There seemed to me a clear intent by the director, Laurent Cantet, to demonstrate the limitations of the liberal teaching ethos. The incident involving Souleymane was taken from another script written by Cantet. In an interview he suggests a rather ambiguous standpoint. “The film is utopian about the possibilities this kind of setting offers, but pessimistic about the school system in general.” Quite a few critics saw the film as endorsing the approach of François and regarded the climatic confrontation as demonstrating

“the fragility of a world in which a single word . . . can bring a year’s work, a lifetime investment in a career, and the modest hopes of a young man’s family, crashing down.” (Sight & Sound review).

My teaching friends tended to be much more critical of the teacher François. And for me, those positive reviews fail to pick up on the nature of interaction of teacher and students. This interaction is actually a manifestation of the social and economic relations that determine the situation of both teachers and students. However, I think the film fails to make this point that strongly, partly because of its enclosed representation of a school: by not going beyond its walls.

By comparison Bertrand Tavernier’s film, It All Starts Today has a very overt political discourse. The film focuses on Daniel, a head-teacher in an infant school in an-ex-mining area in Northern France. Like The Class, It All Starts Today is based on actual experience. In this case it is the memories described to Tavernier by Dominique Sampiero. However, Sampiero did not write a book and Tavernier himself developed his accounts into a scripted story. And unlike The Class, whilst there are clearly non-professional adult and child performers, there are also professional actors cast in the film. Presumably this was in part due to Tavernier writing in scenes of life away from the school, both within Daniel’s own family and within the families of some of the school students. The plotting of the story produces an uneven narrative: parts of the film parallel the documentary feel of The Class: other sequences are clearly dramatisations.

But this scripting also introduces a clear political and economic discourse. The mining town of Hernaing has seen pit closures. The mayor informs us that employment is at 34%. We see the poverty and deprivation when the children return from school. In one traumatic case unpaid electricity bills lead to a suicide and infanticide by a mother. Daniel, like François, is clearly on the sides of the students. But he is also clearly set off from the authorities and the establishment. Whilst François becomes a participant in the ‘trial’ of Souleymane, Daniel is shown repeatedly in conflict with his superiors and local agencies. One of his conflicts with authorities is over attempts to have the school designated as a ‘priority zone’. And the depiction of violence includes the complete trashing of the school by two local teenagers.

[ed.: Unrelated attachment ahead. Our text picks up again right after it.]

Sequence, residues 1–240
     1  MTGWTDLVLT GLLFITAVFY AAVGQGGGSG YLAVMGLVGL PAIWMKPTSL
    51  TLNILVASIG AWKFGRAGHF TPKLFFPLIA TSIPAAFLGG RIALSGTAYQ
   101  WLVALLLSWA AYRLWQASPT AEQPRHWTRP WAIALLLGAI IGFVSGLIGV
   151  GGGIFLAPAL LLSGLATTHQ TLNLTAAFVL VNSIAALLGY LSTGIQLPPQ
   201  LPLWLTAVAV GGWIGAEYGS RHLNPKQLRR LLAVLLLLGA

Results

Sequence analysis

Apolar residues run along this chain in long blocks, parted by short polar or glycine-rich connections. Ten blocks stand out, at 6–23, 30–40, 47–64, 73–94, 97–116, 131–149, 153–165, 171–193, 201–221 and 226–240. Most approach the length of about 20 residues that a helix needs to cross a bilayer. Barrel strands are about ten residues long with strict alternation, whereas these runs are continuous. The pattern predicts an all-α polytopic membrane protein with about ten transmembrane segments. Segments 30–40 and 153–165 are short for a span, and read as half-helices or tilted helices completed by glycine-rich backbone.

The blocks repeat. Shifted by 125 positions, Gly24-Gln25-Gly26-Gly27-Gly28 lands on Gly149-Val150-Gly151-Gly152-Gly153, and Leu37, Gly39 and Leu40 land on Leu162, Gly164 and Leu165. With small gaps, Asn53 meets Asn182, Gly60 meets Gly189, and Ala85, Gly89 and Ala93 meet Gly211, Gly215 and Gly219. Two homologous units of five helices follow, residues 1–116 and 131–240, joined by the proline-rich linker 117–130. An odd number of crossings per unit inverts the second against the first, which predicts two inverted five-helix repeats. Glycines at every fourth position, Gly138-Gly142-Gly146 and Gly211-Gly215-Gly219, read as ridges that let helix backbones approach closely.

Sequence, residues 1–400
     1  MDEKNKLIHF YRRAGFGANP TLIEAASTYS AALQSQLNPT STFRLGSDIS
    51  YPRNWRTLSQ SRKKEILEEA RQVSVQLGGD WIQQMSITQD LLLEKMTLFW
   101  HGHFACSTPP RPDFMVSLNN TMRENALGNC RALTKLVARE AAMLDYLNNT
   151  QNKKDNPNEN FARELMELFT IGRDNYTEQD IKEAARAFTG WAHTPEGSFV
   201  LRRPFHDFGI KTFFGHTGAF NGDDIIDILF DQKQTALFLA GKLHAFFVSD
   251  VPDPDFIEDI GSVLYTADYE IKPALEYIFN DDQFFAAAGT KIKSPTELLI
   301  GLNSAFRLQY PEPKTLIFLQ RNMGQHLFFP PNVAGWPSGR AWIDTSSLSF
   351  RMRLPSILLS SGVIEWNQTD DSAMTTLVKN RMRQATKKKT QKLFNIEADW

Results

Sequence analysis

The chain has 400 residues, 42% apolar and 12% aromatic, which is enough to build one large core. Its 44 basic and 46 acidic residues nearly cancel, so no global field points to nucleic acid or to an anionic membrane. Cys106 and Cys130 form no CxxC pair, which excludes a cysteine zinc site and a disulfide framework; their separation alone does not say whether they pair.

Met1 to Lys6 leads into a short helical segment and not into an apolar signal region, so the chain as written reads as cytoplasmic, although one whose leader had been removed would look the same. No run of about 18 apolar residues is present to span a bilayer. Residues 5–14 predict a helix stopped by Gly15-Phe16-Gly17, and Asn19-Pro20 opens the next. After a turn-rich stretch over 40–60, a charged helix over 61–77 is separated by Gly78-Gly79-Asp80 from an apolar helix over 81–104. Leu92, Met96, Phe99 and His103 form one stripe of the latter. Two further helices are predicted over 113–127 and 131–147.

I found The Class created a fine sense of the school and the class, with impressive performances from the students. It All Starts Today achieves this only intermittently with its far younger students. But I felt that the latter film did have a more developed political discourse. Tavernier also directed an earlier film dealing with education; A Week’s Vacation / Une semaine de vacances (1980). Nathalie Baye plays Laurence Cuers, a school teacher, who takes a week off from teaching to re-assess her life.

Des [of the Media Education Journal] commented on another example:

“Another film in the long line of films about the French education system worth looking at is Truffaut’s 1976 film, L’argent de poche / Small Change or (pocket money). I’m never quite sure about Truffaut’s films about adults but he is on surer ground with children. Unlike many films about children, the film doesn’t make them overly precocious or sentimentalise their experiences. It’s a bit more optimistic than both Ca commence aujourdhui and Entre les murs (despite highlighting an individual tragedy) but avoids the overblown sentimentality of Les choristes (which, alas, is far more popular with French teachers than all of the above mentioned; a 2004 French film set in a boarding school). The teacher’s final address to the class who are about to move on (Jean-François Stevenin had a singular talent for representing ‘goodness’) should be shown to all student teachers.”